The new editor of TM's sister publication, the Lean Management Journal, shares his ideas on lean and current affairs.
This was my first week as editor of the Lean Management Journal, and what a week. Working to put together the next issue of the magazine, I’ve had a chance to get in touch with several very interesting people.
As a non-expert, it’s amazing to learn so many new things about lean in such a short time (slight headaches aside). The past few years have been characterised by economic and social uncertainty, which is far from over, and it is impressive to see so many examples of businesses that have been able to face these difficulties thanks to the implementation of lean. This set of principles, though simply common sense – or so it seems to me – have set many companies off on some truly inspiring journeys, both in the UK and abroad.
Whatever happened to common sense? I think few
would argue that the lean toolset is anything but a set of straightforward and logical ideas put at the service of business to improve and, finally, achieve excellence. So why is it that so many fail to operate within logical lean boundaries?
Historical mistakes and rising complexity have a part
to play. But the answer that many will give is that not every company has the resources to implement a proper lean programme, with dedicated resources for the rationalisation of the business. For small companies in particular this must seem out of reach.
But Mark Pulman, managing director of successful SME, IG Doors, begs to differ. In his interview with me he talked me through the structure behind the lean implementation at IG Doors. It’s an example which ought to bring optimism to other small firms and one you can read more about in the September/October issue of LMJ.
It’s not always a matter of resources, but it is always a matter of culture. Lean requires the involvement of people at all levels.
It is clear that this can only happen with unwavering support from leadership, which is the topic the next issue of LMJ concentrates on. Contributing to the journal are a number of practitioners and experts who give their frank opinion on issues like organisational readiness, the traits of leaders and the important role of leadership in reshaping a company’s focus around the voice of the customer. I am also delighted to have a contribution by Bob Emiliani, Professor at the Central Connecticut State University, historian Peter Seymour and Pauline Found, senior research associate at Cardiff Business School. These experts in their field have co-authored an article on the history of the concept of flow.
Although it is something I’ve only briefly touched on over the past five days, I am also fascinated by the opportunities lean can offer to institutions such as governments.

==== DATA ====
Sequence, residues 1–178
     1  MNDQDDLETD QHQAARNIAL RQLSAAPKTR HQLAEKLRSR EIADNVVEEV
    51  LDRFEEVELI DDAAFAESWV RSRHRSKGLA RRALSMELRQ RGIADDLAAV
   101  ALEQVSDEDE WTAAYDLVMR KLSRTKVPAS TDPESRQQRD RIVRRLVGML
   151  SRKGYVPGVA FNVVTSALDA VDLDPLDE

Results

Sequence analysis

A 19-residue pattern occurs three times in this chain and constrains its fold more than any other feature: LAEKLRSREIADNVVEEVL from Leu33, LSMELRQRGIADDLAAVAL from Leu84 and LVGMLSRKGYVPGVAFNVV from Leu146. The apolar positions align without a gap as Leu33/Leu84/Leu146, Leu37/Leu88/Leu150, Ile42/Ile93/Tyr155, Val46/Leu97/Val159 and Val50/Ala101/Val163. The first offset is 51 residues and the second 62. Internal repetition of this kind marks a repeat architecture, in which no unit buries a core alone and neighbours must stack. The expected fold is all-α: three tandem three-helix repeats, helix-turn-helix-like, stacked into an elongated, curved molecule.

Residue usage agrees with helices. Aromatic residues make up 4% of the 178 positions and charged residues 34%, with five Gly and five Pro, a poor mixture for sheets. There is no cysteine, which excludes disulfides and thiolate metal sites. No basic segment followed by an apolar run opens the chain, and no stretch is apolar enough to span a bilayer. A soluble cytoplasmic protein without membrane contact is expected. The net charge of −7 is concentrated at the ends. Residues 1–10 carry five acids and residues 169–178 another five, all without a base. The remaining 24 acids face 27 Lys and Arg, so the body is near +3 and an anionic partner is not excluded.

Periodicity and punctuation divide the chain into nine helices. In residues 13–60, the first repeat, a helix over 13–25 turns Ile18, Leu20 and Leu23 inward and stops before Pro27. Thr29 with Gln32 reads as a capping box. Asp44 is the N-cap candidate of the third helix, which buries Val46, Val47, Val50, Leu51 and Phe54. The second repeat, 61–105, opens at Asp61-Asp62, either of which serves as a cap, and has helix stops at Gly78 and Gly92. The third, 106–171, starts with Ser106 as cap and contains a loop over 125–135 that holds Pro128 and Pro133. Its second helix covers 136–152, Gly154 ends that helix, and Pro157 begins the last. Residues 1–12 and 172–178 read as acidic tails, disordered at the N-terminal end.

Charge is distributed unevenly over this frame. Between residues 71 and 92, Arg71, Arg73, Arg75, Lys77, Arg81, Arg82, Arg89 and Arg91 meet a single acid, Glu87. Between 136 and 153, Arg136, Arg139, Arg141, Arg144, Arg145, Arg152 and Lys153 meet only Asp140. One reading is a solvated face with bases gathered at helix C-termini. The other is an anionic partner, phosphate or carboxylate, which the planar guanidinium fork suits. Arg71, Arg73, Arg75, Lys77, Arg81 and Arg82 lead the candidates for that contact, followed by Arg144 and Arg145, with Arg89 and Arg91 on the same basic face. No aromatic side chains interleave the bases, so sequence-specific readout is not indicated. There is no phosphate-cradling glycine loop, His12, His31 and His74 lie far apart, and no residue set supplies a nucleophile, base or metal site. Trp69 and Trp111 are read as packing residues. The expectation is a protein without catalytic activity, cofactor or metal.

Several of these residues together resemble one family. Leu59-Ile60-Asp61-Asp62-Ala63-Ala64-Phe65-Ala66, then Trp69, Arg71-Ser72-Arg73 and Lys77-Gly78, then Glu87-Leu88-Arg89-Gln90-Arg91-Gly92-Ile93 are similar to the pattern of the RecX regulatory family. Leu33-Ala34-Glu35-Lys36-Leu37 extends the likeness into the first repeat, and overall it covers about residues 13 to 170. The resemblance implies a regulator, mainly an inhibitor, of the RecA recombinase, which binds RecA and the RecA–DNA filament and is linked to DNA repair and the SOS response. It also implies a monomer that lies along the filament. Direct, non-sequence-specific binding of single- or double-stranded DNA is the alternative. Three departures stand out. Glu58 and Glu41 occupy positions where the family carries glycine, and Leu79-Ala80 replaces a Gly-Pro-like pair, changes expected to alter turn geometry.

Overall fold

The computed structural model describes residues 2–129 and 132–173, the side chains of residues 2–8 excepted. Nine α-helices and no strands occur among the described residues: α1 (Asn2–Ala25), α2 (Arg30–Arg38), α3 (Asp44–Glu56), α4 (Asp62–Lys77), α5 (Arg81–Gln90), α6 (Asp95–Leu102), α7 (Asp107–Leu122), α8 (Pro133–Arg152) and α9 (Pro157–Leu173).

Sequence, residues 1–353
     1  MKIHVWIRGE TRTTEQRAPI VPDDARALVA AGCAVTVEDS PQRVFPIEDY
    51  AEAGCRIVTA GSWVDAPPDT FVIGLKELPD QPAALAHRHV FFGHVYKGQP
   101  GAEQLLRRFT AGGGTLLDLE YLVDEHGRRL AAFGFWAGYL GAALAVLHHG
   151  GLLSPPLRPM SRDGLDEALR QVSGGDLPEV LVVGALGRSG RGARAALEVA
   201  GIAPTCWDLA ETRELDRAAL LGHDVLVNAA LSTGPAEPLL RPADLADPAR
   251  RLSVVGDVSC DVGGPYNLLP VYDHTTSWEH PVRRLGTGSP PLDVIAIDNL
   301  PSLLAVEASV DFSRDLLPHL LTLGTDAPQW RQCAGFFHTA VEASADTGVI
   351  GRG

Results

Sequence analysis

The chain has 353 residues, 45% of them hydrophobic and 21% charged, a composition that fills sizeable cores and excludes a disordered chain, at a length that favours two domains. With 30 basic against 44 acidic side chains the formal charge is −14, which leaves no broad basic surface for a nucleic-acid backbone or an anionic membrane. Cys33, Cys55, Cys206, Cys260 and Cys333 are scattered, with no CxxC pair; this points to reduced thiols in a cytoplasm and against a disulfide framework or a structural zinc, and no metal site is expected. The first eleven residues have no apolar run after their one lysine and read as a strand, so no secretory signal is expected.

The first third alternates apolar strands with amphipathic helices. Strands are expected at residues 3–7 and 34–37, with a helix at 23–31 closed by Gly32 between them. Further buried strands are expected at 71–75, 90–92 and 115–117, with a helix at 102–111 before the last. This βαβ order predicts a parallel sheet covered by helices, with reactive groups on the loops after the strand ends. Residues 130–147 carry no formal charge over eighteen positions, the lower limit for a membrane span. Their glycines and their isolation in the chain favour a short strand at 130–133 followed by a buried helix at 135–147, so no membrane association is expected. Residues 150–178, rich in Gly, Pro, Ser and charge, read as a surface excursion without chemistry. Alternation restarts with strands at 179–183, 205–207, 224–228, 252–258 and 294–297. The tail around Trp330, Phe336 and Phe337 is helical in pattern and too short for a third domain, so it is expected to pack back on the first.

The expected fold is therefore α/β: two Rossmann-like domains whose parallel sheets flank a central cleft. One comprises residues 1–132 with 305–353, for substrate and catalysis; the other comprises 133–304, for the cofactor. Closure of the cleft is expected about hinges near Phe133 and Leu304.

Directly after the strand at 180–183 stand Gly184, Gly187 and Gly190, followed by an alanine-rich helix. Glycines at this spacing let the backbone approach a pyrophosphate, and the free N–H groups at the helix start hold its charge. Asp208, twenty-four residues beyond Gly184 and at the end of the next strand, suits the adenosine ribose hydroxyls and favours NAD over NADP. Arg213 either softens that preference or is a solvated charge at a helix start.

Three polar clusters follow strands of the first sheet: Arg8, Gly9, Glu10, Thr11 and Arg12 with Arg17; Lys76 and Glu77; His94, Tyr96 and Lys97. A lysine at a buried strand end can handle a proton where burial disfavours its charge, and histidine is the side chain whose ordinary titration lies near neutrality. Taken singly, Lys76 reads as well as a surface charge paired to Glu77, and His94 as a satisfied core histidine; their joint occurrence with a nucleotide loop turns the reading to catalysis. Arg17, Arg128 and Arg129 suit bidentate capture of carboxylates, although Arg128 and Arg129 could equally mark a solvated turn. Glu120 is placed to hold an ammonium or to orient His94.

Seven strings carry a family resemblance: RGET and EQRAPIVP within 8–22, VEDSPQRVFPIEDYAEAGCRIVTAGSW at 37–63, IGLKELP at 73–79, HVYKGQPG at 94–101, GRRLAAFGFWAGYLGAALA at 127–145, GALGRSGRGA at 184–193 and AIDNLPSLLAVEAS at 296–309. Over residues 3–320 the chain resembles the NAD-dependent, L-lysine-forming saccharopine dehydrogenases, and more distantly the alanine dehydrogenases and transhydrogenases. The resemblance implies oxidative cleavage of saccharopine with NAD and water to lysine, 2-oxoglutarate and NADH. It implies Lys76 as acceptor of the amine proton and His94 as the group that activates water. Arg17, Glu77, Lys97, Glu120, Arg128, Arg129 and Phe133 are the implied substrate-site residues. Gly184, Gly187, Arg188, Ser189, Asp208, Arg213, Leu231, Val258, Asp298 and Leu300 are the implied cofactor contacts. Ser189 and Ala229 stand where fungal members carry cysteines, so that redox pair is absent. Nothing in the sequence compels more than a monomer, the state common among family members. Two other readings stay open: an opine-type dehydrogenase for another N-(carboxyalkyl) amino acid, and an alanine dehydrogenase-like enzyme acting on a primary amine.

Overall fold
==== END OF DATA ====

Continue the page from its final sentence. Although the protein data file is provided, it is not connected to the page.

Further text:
Anticipation in markets worldwide is almost palpable today, as Bernanke prepares to deliver a keynote speech at the Federal Reserve symposium in Jackson Hole, Wyoming: will this mean there is going to be a new stimulus package to try and restart the American economy?
Money alone cannot solve the several issues facing the global economy, and I think this has become quite evident over the years following the credit crunch. It may be time to bring national and international policies to a new level, and cutting waste should be a fundamental part of any new set of measures. After all, a strive-for-excellence approach is more desirable than the putting-a-patch-on-problems one, which has been deployed way too often in many countries.
Take Italy, for example. The boot-shaped country is rarely used as an example of efficiency (which for me, an Italian expat, is often sad to hear), but at least one of the propositions within the cuts the government is planning to make in order to re-inject funds in the nation’s empty coffers seems to go in the right direction: the elimination of provinces with less than 300,000 inhabitants and of municipalities with less than 1,000 residents. The amount of waste (and red tape) local government creates in Italy is massive, and if actually deployed this measure might end up benefiting the country as a whole. I don’t know about you, but to me this is a good example of lean applied to government.
There are many lessons to be learned from businesses that have made lean part of their daily routine and way of thinking: one of the comment pieces in the next issue of LMJ is written by Rhoda Avanzado, of Westminster City Council, and outlines the difficulties that were first met in trying to make staff at the council understand the implementation of lean would not mean their jobs were at risk. And how is that different from a manufacturing company trying to instil an interest in continuous improvement in its workforce while convincing them it is simply a way to make things work more efficiently, which ultimately benefits everybody?